Background: Malignant melanoma (22%), is one of the most common immune-related tumours and represents a major cause of death from skin cancer. Checkpoint inhibitor (CI) therapy is a form of cancer treatment that can block inhibitory checkpoints, thereby restoring the immune response to tumours. CI therapy increased the progression-free and overall survival of melanoma patients with less severe adverse effects compared to chemotherapy. These immunotherapeutic agents induce the anti-tumour response by reactivating the immune cells and usually cause immune-related side effects. However, the effect of CIs on B cells , which are the source of antibody production, is not fully understood.
Aim: This study is aimed at delineating the role of B cells in CI therapy and their association with a good clinical response as well as the development of toxicity/side-effects of treatment.
Methods: We performed a longitudinal study of patients with advanced melanoma who were treated with three different CIs as monotherapy or combined therapy. We collected blood and isolated lymphocytes from 27 melanoma patients with three different time points; before (Time point 1, T1), one week after start treatment (T2) and at 5th visit (T3). We performed flow cytometric analysis with thirty different cell surface molecules on B cells. This laser-based technology is a method to analyze the expression of cell surface molecules with fluorochrome-conjugated antibodies, which allows detailed phenotyping of individual cells.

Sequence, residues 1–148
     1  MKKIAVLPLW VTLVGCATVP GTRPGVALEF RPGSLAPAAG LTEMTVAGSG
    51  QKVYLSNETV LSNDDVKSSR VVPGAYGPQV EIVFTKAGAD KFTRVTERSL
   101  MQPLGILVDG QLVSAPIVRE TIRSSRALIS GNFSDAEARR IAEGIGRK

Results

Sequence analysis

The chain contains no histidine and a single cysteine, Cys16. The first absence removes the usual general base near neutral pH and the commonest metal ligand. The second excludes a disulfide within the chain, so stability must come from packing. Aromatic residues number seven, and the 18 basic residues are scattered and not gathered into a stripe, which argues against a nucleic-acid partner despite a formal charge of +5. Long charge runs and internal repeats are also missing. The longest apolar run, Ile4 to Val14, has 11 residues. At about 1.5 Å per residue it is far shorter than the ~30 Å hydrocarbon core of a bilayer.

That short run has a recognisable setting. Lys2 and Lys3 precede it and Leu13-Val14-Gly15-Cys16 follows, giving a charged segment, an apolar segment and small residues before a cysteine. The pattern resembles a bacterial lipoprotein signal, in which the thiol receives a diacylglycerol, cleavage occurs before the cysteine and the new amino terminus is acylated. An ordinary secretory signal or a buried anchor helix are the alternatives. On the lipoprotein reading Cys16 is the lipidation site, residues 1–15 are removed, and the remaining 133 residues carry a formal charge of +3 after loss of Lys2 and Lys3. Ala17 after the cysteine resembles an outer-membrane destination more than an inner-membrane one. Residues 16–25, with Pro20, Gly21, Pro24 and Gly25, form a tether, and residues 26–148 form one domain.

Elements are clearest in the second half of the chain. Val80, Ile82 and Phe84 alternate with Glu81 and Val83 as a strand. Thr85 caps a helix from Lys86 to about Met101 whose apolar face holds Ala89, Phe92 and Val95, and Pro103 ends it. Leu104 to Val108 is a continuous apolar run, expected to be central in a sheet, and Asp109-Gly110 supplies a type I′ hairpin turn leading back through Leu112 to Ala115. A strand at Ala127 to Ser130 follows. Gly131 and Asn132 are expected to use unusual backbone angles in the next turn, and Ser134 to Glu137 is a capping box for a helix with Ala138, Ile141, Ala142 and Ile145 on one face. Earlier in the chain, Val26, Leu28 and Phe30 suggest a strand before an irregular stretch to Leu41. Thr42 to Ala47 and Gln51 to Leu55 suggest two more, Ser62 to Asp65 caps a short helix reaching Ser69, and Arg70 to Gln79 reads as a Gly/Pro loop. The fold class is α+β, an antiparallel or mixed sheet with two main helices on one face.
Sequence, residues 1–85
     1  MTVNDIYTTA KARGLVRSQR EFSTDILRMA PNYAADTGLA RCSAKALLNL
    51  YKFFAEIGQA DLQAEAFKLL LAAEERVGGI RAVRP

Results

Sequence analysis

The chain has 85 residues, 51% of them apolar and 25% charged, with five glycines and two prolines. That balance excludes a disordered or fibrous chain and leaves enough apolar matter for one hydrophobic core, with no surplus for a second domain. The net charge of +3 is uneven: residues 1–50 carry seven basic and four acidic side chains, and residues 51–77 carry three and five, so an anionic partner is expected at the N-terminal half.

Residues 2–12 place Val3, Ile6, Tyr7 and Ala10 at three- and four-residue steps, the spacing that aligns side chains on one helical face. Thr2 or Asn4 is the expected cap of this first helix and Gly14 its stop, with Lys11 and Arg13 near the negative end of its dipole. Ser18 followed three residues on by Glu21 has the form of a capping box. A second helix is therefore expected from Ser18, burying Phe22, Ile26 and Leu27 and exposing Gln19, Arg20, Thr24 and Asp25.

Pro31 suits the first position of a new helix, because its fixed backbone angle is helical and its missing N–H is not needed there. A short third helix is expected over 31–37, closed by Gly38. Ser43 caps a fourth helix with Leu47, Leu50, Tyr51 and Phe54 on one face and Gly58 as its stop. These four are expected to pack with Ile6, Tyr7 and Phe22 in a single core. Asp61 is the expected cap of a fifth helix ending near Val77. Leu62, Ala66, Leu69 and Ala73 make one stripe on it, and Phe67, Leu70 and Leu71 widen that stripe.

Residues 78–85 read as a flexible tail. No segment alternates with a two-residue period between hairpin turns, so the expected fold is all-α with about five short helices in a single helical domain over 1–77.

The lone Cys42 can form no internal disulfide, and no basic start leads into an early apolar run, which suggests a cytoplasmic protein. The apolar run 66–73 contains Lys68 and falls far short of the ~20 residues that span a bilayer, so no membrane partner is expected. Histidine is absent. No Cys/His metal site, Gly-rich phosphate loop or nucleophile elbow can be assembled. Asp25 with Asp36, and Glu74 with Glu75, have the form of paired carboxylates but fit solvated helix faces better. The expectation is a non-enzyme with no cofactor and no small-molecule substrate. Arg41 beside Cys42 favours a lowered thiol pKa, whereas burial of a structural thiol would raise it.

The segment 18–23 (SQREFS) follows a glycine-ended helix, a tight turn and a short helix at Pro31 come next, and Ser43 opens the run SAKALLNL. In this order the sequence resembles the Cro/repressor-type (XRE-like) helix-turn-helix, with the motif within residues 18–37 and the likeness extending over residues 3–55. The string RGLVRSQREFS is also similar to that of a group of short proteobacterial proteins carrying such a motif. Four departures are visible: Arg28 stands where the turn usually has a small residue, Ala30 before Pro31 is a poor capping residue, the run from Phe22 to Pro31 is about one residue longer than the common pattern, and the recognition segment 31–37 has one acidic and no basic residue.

Results: Fourteen patients responded and thirteen non-responded to the treatment. Nineteen patients (70%) developed toxicity. B memory cells which have the capacity to remember a foreign substance, reduced frequency after treatment while the naïve-untrained B cells were uprising in blood in all non-responders and also who had side effects. Overall, our data suggest that antibody-producing cell levels change over the course of therapy.